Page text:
Dr. Escalona advises parents to reassure preschoolers of their love and protection: “No matter what a preschooler’s fear is about on the surface, his real fear is that he may be hurt or lose the protective closeness of his parents.” She says that explanations to the young child who asks about fallout or bombs should be brief and undetailed: “In essence he w'ants to feel that his parents know all about the problem and will take care of him.” She adds that it is a good idea to protect the young from too much talk about nuclear danger. “One way parents can help their children is to make it clear that they believe that nations must settle their quarrels peacefully. In general, parents teach children to control their anger, to avoid destruction, and to respect the rights of others. Even a preschooler will sense a ‘double-standard’ if we teach one idea for family living and another for life among nations.”

According to Dr. Escalona, children aged six to twelve commonly ask: “Will there be a war? What would happen?” and “If it happens when I’m at school, where will you be?” and “Don’t you love me enough to build a shelter?" She says children in this age group draw strength from an adult who does not shrink from questions and communicates the feeling that human life and values are worth working for. Something “you must not talk about” is felt by the child to be bad and frightening.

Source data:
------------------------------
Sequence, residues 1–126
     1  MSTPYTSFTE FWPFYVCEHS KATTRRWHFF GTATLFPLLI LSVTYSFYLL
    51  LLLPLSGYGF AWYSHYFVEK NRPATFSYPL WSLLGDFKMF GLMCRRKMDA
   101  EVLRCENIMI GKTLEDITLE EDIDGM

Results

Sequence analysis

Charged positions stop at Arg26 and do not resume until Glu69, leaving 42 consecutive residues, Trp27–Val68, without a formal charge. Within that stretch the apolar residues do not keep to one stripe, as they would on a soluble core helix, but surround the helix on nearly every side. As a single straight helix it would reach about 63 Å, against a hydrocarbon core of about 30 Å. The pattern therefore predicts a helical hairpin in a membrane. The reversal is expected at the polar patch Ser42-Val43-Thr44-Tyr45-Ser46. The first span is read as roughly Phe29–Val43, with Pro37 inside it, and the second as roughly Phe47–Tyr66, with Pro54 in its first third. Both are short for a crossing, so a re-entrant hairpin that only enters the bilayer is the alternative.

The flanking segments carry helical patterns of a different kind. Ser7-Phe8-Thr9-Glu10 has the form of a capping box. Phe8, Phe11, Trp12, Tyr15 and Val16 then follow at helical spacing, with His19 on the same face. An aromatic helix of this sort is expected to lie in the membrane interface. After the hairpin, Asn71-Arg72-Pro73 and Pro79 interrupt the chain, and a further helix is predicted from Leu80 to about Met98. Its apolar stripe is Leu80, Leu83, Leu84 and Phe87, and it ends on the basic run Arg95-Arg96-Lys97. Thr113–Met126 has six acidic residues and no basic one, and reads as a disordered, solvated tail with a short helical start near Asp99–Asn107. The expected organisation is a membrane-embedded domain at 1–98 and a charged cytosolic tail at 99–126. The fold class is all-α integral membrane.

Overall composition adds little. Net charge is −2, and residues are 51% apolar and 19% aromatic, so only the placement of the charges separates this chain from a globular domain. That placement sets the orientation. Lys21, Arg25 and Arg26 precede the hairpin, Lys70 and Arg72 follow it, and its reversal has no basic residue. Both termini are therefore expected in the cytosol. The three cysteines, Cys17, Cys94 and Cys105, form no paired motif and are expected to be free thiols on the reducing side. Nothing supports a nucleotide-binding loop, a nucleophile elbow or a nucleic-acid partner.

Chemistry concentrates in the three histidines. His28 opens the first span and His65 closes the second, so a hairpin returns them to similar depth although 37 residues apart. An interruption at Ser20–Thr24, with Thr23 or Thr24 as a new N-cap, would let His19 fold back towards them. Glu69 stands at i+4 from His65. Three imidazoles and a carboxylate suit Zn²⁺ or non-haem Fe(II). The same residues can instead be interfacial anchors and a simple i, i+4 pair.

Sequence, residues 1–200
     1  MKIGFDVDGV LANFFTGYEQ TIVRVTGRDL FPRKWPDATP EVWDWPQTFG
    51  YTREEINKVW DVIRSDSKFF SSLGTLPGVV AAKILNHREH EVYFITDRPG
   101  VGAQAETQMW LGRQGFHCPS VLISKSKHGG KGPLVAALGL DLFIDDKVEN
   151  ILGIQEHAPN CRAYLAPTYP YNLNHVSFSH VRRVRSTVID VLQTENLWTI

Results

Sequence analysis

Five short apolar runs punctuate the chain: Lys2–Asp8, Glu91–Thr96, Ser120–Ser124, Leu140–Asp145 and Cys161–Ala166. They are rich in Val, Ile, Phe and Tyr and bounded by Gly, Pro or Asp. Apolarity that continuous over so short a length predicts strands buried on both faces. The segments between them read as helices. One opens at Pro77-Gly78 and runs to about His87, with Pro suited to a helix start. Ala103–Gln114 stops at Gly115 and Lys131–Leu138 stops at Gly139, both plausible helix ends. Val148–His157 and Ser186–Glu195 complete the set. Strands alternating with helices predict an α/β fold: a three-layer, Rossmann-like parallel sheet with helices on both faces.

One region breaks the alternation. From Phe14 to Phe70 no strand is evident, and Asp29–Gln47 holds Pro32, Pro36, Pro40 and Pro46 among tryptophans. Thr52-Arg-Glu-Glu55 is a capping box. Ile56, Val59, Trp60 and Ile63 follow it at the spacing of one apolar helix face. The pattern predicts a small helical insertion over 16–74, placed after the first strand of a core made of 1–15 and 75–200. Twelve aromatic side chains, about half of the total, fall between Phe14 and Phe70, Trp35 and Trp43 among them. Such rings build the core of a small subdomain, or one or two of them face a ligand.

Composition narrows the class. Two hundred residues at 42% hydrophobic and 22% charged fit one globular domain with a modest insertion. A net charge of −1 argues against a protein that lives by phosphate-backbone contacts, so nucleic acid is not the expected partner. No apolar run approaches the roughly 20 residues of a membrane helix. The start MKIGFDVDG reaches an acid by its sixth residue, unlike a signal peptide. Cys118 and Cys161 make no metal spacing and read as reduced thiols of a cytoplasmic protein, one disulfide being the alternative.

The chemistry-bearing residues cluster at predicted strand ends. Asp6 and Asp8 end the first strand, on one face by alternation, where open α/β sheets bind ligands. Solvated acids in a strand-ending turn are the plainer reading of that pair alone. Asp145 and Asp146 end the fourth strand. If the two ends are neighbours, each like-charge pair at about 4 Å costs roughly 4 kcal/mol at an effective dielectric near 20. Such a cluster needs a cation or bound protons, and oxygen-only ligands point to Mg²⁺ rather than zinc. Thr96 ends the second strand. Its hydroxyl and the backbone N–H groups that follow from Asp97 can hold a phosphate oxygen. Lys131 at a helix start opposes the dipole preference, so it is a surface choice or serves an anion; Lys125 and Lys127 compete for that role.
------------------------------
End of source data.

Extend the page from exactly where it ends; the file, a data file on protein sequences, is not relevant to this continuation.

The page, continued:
“WHY CAN'T WE HAVE A SHELTER, TOO?"

When the shelter question arises, as it often does, it may be difficult to handle. A child’s parents may be opposed to shelters, on the grounds that they are utterly useless and create a false sense of security that brings nuclear war closer. But the parents of the child next door may have invested in a shelter to protect their “loved ones,” as the child with the shelter may inform the child without one.

Children from twelve to eighteen, says Dr. Escalona, ask what they have to look forward to, and whether their own children will be freaks, and are apt to respond to their own questions by saying, “I’ll enjoy myself while I can” or, “What the hell, I might as well live it up.” Likewise, they are inclined to reject adult counseling by saying, in effect: “How? can you tell us what to do? You are the ones who made the w'orld what it is.”

Such are some of the gnawing fears, the worried questions and the let’s-be-gay-whilew'e-may attitudes of America’s small fry, medium-sized fry and teenagers. So what do you tell them? Dr. Sibylle Escalona is a wise and kindly woman, a foremost expert in her field. But even she is obviously puzzled. Her shrewdest statement, perhaps, is the final sentence in her booklet: “Helping children to help themselves may require of us that we come to terms with broader social issues.”